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Psychotherapy or Medication?

Psychotherapy or Medication?

It wasn’t until the 1970s that psychotherapy and medication had become complementary treatments for a wide range of mental health problems. Before that, the combination of psychotherapy and drug therapy seemed impossible; while psychoanalysts considered medication as an inferior treatment for mental illnesses, proponents of biologic psychiatry tended to see psychoanalysis as ineffective and time-wasting.

 

However, many studies during the ‘70s started to transform the way science viewed the practice of combining psychotherapy and medications. Today, the combination of these two treatment methods is successfully used to treat emotional distress, mental health problems, and some psychiatric disorders. Nonetheless, experts in the field still argue whether psychotherapy is better than medication when it comes to the treatment of mental health disorders. 

 

What are the Main Benefits of Psychotherapy?

 

Psychotherapy includes a variety of treatments that can help with mental health problems and some psychiatric disorders. Psychotherapy provides help for a wide range of problems, from low self-esteem issues to phobias and relationship problems. The main aim of psychotherapy is to enable clients to understand their feelings, which should improve their coping strategies and help them face challenging situations more adaptively. 

 

Clinical trials have demonstrated the effectiveness of psychotherapy in treating anxiety, depression, relationship issues, sexual dysfunction, family problems, and substance abuse. Also, psychotherapy has proven to be effective with various populations, from children to the elderly. 

 

The American Psychological Association’s resolution on psychotherapy effectiveness contains more than 50 peer-reviewed studies on its success. With a good therapist, research shows that psychotherapy is even more effective in the long-term than medication. In the treatment of anxiety and depression, psychotherapy leads to fewer relapses than medication used alone.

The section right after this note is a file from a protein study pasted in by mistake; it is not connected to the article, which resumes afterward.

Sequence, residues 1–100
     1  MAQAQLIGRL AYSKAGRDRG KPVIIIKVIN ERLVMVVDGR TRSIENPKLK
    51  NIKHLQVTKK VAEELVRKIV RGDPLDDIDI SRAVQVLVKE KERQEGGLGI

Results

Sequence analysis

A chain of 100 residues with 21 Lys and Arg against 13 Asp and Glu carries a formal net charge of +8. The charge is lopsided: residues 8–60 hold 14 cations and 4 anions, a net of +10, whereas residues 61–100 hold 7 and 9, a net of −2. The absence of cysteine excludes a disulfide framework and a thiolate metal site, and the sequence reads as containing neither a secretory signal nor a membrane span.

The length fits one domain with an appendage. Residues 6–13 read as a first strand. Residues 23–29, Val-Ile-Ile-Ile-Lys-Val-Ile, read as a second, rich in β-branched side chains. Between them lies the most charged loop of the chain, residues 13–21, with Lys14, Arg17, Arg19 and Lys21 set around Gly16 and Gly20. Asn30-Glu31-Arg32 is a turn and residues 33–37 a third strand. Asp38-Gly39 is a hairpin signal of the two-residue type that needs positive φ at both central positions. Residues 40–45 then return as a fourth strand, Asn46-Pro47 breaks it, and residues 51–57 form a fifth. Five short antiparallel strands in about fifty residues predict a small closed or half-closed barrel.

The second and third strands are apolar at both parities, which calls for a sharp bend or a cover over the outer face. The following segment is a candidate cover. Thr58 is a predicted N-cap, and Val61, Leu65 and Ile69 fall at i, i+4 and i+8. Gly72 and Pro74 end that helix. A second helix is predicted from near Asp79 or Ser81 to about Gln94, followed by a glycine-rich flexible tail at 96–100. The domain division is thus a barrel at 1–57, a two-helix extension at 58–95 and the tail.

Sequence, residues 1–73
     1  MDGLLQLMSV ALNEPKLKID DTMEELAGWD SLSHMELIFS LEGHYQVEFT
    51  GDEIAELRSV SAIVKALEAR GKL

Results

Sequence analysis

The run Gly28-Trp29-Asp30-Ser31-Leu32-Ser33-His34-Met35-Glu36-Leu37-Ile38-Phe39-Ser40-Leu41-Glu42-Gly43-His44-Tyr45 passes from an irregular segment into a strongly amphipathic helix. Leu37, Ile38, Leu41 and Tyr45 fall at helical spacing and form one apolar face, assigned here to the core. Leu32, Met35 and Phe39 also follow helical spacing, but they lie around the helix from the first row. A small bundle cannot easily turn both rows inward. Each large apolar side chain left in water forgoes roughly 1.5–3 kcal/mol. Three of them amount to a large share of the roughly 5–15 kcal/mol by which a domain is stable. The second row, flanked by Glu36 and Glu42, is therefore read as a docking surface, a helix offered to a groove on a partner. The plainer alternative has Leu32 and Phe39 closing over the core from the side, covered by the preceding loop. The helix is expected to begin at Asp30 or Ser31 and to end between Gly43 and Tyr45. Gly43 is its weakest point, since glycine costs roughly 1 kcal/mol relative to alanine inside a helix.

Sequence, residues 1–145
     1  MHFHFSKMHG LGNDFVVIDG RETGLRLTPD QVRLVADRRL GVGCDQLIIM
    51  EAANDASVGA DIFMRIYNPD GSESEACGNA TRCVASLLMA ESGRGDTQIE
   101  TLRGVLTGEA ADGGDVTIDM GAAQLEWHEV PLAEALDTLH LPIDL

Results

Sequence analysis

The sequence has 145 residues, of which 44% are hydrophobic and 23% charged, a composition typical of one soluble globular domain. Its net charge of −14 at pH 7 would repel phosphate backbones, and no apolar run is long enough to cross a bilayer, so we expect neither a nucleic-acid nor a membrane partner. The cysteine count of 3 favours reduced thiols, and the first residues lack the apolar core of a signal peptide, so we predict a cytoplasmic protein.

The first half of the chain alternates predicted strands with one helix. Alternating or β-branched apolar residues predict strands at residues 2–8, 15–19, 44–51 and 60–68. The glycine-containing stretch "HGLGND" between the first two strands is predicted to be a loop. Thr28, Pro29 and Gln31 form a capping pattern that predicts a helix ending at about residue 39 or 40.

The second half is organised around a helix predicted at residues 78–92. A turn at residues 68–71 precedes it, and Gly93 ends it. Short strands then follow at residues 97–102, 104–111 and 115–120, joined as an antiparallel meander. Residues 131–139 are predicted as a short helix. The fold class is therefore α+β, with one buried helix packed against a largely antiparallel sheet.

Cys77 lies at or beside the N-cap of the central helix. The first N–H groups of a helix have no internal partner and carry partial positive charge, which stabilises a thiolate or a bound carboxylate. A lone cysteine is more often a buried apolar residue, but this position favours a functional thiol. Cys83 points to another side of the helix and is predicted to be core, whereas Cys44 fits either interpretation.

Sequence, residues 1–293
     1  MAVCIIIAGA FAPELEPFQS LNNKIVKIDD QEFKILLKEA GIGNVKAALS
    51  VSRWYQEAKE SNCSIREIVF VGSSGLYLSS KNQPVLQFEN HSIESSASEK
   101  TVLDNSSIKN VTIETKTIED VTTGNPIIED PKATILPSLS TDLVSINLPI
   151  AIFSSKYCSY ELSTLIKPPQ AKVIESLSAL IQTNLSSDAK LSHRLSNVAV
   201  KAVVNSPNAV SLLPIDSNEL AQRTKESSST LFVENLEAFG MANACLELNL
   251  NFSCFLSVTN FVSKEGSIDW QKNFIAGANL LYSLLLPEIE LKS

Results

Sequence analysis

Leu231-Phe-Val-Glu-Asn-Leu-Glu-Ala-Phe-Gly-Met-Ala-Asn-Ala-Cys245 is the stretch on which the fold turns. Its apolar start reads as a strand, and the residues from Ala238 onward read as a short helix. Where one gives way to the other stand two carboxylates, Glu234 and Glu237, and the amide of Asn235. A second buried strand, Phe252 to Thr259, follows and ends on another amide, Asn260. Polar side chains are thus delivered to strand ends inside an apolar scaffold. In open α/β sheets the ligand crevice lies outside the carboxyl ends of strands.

Studies suggest that psychotherapy interventions should be applied first in the treatment of mild to moderate anxiety and depression. One study in Canada showed that cognitive-behavioral therapy (CBT) and interpersonal therapy (IPT) are the primary treatment recommended for acute major depressive disorder (MDD), alone or combined with antidepressants. 

 

Research demonstrates that the average effects of psychotherapy are larger than the effect achieved by medications. Also, a large number of studies showed that psychotherapy improves work functioning, decreases psychiatric hospitalization, and reduces disability and mortality. 

 

Finally, psychotherapy teaches clients the skills useful in day-to-day life long after the sessions are over. In other words, psychotherapy results are more lasting than those achieved by medications. Also, unlike with some of medication, psychotherapy is not addictive and rarely has side effects.

 

The Drawbacks of Psychotherapy and Medication Advantages

 

The main disadvantage of psychotherapy is that it takes much longer than medicament therapy to show benefits. Also, because of its high cost, for many people, psychotherapy is simply not affordable. Insurance plans generally do not include mental health insurance coverage and don’t cover psychotherapy sessions, which makes it out of reach for many. On the contrary, most insurance policies will cover the cost of medication. Medications for anxiety and depression are among the most prescribed drugs globally. Also, many people see faster short-term improvement in their symptoms when prescribed medications. 

 

Finally, drug therapy is more appropriate in some instances. For example, in treating the symptoms of some psychiatric disorders such as psychosis, treatment with drugs known as antipsychotics is the most common therapy.  

 

Nevertheless, research shows that a combination of psychotherapy and medication is usually the most effective in treating disorders such as anxiety and depression. Lastly, studies show that effects produced by psychotherapy are often comparable to or better than the effects produced by medicament treatments for the same disorders.

 

 

 

Lorin Sarer
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